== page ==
At 10:47 a male eastern bluebird drops in for a bath.
He shuffles over to the edge of the trees, spreads his wings and tail, and lays down flat as a doormat.
What you see here is his elevated rump feathers, one tail feather, and both wings out to the side. His head is toward you.
Four minutes later, a juvenile female hooded warbler sweeps in after the adult. There are just a couple of dark feathers in her nascent hood. (Bob says that a full adult hooded warbler would never be in such perfect smooth feather as these two--it would have very worn brown feathers visible in wing and tail this time of year). Thank you Bob!! So we've got two juveniles. No wonder they're so rowdy.
Round and round they go and where they'll stop...My article is never getting done. There's that crazy band on his tail again--check it out. Almost looks like a magnolia warbler's tail.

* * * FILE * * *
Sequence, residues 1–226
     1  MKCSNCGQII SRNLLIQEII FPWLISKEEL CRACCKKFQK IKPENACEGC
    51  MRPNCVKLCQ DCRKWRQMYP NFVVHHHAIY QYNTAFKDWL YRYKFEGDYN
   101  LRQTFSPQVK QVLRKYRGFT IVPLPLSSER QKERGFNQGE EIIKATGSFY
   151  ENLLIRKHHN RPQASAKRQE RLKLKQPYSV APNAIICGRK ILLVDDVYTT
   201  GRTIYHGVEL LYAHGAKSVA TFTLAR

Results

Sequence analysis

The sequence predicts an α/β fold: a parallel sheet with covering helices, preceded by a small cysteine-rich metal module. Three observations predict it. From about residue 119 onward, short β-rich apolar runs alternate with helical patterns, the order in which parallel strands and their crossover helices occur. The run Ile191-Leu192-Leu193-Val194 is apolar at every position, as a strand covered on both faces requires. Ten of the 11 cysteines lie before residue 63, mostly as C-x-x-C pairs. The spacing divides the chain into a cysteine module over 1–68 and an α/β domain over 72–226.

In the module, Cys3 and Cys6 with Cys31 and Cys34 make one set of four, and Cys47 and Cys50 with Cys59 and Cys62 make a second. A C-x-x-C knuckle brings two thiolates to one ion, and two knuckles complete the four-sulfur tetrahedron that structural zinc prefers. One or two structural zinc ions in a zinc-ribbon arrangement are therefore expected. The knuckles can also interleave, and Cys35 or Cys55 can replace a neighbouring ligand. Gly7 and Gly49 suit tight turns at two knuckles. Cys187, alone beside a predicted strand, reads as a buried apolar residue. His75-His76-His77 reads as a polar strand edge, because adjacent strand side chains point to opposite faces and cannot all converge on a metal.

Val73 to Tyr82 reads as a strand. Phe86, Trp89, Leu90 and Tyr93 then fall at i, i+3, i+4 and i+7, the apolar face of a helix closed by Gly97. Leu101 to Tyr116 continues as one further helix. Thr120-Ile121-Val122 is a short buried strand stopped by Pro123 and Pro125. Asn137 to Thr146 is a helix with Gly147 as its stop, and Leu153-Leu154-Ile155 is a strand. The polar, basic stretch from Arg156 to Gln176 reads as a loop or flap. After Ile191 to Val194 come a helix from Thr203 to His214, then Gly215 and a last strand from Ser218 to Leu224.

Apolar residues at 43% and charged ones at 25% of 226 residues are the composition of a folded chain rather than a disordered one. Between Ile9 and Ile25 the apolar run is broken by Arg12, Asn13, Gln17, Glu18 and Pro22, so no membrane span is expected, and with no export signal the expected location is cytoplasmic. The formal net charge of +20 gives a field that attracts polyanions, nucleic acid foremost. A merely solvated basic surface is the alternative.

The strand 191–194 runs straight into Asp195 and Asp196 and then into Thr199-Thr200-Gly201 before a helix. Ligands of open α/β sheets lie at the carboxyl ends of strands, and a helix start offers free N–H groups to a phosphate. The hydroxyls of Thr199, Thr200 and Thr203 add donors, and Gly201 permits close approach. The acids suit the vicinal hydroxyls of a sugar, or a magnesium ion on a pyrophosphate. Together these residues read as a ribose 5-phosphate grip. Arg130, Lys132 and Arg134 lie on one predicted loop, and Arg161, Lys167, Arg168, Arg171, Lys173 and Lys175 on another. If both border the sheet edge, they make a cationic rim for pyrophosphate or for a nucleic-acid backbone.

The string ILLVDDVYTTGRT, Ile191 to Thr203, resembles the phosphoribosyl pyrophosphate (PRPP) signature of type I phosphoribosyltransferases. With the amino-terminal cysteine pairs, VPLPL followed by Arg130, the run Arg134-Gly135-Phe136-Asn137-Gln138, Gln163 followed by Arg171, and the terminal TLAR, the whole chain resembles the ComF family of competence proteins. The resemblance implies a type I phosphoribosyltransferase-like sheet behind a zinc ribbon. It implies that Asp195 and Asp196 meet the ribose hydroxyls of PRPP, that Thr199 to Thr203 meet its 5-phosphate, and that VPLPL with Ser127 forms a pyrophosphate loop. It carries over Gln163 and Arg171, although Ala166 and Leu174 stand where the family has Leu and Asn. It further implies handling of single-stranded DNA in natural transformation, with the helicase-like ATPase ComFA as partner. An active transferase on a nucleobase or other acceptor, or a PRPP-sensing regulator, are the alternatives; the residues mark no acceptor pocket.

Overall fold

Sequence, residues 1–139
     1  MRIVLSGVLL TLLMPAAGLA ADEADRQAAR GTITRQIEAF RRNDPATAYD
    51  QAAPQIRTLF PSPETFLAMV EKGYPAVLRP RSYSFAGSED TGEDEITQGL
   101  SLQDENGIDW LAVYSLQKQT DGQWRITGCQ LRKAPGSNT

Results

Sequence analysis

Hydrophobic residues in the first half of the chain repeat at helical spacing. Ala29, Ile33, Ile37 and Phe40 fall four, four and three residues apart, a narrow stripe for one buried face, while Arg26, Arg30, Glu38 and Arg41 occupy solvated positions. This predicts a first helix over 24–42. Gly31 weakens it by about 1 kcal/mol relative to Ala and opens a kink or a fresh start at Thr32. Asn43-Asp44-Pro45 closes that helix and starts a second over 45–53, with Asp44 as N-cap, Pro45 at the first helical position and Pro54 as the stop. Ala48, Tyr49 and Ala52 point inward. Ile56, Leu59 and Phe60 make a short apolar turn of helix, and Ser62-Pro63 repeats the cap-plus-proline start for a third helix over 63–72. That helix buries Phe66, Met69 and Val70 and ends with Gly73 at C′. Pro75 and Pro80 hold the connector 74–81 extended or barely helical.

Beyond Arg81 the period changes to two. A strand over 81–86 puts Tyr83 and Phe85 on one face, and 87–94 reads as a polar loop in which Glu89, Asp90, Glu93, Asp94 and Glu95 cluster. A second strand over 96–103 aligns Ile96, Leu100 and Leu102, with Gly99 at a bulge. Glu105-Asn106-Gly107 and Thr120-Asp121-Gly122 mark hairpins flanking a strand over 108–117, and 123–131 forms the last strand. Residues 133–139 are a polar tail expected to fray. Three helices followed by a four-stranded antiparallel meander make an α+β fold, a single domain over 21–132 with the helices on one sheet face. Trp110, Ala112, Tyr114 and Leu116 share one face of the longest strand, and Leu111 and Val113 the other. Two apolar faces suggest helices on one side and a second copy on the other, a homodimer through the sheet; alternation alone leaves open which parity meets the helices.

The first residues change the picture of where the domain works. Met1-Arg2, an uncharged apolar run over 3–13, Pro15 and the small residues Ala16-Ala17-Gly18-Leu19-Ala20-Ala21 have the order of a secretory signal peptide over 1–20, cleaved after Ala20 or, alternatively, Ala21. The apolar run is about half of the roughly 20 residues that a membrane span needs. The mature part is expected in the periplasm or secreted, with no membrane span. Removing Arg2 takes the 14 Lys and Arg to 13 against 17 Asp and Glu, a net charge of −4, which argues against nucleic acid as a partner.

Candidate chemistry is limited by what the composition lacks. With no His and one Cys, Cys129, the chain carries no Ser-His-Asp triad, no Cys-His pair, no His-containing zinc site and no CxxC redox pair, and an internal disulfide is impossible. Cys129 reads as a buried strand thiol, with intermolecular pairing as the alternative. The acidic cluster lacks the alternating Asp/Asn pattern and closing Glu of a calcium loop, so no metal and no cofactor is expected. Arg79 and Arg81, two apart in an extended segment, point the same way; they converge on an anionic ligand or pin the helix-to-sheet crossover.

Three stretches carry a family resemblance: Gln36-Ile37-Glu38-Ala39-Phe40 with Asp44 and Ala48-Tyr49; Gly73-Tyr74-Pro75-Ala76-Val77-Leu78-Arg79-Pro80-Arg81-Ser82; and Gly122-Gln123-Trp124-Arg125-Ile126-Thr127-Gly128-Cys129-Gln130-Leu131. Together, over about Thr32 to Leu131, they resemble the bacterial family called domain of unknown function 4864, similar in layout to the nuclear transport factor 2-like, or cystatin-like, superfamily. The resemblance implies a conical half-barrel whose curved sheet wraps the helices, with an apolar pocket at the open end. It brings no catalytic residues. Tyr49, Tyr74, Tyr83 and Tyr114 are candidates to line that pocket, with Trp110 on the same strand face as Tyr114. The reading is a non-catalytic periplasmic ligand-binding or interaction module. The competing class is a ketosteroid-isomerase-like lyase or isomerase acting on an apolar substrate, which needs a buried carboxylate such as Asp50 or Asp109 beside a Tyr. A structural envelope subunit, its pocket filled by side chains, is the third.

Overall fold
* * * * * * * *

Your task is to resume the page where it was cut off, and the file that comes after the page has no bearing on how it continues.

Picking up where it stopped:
The aesthetics of the background aren't the best, but the birds absolutely adore looping in and out of the rusty old tomato cages I use to support the cardinalflower spikes. I'm not going for fabulous photography here. What I'm trying to do is show you the action, fast and furious as it is. I've shot all the brown thrashers and hooded warblers in less than ten minutes!
At 12:04, a juvenile scarlet tanager drops down to the Spa.
At 12:06, a worm-eating warbler suddenly pops out of the wiggling birch leaves. Holy Cow! Somehow I refocus from the spa and manage a decent shot. I'm pretty excited at this point.